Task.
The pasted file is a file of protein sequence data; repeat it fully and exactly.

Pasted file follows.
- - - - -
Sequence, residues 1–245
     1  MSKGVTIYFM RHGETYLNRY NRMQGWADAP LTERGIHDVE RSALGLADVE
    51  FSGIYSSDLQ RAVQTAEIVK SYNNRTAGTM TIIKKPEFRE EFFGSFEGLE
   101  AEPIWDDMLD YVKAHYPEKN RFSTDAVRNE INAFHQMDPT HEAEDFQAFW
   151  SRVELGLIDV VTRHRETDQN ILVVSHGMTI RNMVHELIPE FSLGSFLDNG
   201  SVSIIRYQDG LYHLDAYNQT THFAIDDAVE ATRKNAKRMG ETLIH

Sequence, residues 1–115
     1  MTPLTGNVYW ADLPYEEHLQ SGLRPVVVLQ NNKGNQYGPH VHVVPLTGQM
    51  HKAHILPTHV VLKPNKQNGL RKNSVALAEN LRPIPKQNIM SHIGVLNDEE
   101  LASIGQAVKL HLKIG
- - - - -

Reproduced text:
Sequence, residues 1–245
     1  MSKGVTIYFM RHGETYLNRY NRMQGWADAP LTERGIHDVE RSALGLADVE
    51  FSGIYSSDLQ RAVQTAEIVK SYNNRTAGTM TIIKKPEFRE EFFGSFEGLE
   101  AEPIWDDMLD YVKAHYPEKN RFSTDAVRNE INAFHQMDPT HEAEDFQAFW
   151  SRVELGLIDV VTRHRETDQN ILVVSHGMTI RNMVHELIPE FSLGSFLDNG
   201  SVSIIRYQDG LYHLDAYNQT THFAIDDAVE ATRKNAKRMG ETLIH

Sequence, residues 1–115
     1  MTPLTGNVYW ADLPYEEHLQ SGLRPVVVLQ NNKGNQYGPH VHVVPLTGQM
    51  HKAHILPTHV VLKPNKQNGL RKNSVALAEN LRPIPKQNIM SHIGVLNDEE
   101  LASIGQAVKL HLKIG